As indicated on Ex. K, which the plaintiff admitted with some corrections as correct, the defendant company supplied goods on nine (9) specific occasions running from 15/1/72 to 24/6/72. The total value of the goods supplied is £16,333.2.8d. The plaintiff made a total part payment for the goods on seven (7) occasions from 15/3/72 to 18/8/72 and the total payment is 7,000. It is however not disputed that the plaintiff was indebted to the defendant company for £5,337.15.3d. In spite of this indebtedness the plaintiff insists that he was entitled to be supplied with goods and that failure to do so was a breach of Ex. A1 which we have referred to above.    The learned trial judge examined the legal implications involved in the peculiar position of defaulting plaintiff and his claim and held thus: –

“It is clear that the obligation of the company to deliver goods to the plaintiff and the plaintiff’s undertaking to pay cash immediately or within thirty days are concurrent and correlative promises; both obligations are conditions of contract. It is only when they are properly observed and each party wants the agreement to terminate that clause 10 which stipulates the termination of the agreement after a three months’ notice can operate.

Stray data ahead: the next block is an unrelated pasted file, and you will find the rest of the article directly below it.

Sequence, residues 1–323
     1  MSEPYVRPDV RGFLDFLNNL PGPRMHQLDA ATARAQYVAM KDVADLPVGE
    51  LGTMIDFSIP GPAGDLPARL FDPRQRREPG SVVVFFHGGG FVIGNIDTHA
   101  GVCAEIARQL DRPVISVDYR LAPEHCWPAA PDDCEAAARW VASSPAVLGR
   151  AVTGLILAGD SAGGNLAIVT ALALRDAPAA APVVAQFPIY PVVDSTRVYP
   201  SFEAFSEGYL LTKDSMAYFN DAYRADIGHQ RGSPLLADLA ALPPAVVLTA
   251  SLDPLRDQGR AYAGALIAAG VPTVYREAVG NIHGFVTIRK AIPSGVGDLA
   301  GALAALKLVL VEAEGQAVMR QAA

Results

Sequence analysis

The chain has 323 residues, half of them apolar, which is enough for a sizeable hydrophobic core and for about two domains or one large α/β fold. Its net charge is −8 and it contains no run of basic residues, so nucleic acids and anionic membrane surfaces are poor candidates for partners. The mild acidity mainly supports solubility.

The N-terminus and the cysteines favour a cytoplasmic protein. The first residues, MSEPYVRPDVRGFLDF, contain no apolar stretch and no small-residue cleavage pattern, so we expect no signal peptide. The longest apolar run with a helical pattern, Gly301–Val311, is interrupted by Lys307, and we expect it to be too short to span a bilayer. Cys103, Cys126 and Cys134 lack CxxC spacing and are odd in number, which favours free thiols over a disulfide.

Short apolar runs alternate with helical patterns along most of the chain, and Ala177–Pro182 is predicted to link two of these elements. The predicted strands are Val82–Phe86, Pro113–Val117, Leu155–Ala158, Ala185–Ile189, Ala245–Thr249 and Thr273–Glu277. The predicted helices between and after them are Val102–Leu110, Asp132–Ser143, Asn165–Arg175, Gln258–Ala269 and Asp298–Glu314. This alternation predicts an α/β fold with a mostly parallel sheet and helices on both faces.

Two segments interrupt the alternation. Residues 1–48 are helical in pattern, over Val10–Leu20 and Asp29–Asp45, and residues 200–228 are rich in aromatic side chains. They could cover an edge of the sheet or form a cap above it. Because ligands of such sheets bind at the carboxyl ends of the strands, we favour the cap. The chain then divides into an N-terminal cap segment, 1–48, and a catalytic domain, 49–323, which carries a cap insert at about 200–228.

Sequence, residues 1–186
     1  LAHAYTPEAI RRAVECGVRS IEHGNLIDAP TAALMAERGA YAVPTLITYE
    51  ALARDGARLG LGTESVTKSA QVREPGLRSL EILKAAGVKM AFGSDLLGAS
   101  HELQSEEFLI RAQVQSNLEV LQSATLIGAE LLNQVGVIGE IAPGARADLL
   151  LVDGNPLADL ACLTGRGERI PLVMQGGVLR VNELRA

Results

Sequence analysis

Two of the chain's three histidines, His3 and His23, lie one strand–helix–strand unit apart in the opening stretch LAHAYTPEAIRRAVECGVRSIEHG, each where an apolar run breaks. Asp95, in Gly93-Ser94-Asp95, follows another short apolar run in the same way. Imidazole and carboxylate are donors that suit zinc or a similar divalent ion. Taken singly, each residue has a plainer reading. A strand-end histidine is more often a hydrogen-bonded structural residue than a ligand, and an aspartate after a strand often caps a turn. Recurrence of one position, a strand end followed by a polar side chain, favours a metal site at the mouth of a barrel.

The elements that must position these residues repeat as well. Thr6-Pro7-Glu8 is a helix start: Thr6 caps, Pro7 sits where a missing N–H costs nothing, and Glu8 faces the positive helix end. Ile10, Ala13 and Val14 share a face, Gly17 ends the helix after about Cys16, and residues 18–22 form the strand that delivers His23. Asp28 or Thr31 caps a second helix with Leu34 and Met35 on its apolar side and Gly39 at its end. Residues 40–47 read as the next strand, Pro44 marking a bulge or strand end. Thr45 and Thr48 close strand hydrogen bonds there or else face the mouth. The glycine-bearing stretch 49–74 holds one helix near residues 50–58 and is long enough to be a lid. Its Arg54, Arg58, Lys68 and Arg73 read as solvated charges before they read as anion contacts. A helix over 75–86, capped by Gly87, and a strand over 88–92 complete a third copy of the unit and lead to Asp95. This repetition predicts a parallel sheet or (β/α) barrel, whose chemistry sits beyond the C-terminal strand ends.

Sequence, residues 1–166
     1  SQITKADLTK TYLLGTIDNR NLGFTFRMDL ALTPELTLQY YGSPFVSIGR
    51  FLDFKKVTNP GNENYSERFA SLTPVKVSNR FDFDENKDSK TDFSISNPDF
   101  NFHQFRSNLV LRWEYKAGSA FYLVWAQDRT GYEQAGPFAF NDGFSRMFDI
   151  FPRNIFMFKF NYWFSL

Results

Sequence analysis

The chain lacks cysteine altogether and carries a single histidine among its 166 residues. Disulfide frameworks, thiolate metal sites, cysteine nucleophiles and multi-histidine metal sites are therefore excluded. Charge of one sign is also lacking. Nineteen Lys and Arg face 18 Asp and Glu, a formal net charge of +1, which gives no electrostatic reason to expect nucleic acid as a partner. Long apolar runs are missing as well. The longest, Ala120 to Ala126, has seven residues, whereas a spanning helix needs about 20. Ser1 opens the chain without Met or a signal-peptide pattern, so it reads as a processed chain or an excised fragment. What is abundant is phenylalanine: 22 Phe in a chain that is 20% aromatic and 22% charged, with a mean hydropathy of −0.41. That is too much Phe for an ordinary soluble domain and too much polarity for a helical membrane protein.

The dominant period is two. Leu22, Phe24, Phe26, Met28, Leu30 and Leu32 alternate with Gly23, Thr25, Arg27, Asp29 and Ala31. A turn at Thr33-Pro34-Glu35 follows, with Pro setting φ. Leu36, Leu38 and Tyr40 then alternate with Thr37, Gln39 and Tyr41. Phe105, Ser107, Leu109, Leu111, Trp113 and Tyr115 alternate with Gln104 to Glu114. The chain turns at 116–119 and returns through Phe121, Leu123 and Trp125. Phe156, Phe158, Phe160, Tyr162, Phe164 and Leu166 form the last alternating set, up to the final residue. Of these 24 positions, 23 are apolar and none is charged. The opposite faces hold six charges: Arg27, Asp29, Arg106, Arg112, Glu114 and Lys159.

But where there is a breach which has affected the very basis of the agreement the condition as to notice does not form any matter for consideration in determining the liability of the injured party. It has to be remembered also that if a party is entitled to put an end to a contract by reason of a breach of an essential promise and he does not exercise his right to do so on becoming aware of the breach he loses that right and cannot afterwards exercise the right without giving reasonable notice of his intention to do so. See Halkett v. Earl of Dudley (1907) 1 Ch. 590 at page 600.

But the fact, however, that the company condoned the breach after the first delivery did not prevent them from terminating the agreement when further breaches occurred as it was laid down in Jackson v. Rotax Motors & Cycle Co., (1910) 2 K. B. 937 and Ponoutsos v. Raymond Hardley Corporation of New York (1917) 2 K. B. 473 at pages 478 – 479 that the fact that the innocent party has over-looked one breach of an essential promise does not prevent him from terminating the contract if a second breach of an essential promise is committed.    It follows that in my opinion the plaintiff must fail in his claim because he sues upon the special contract (Exhibit A) and he has not performed the contract in accordance with its terms.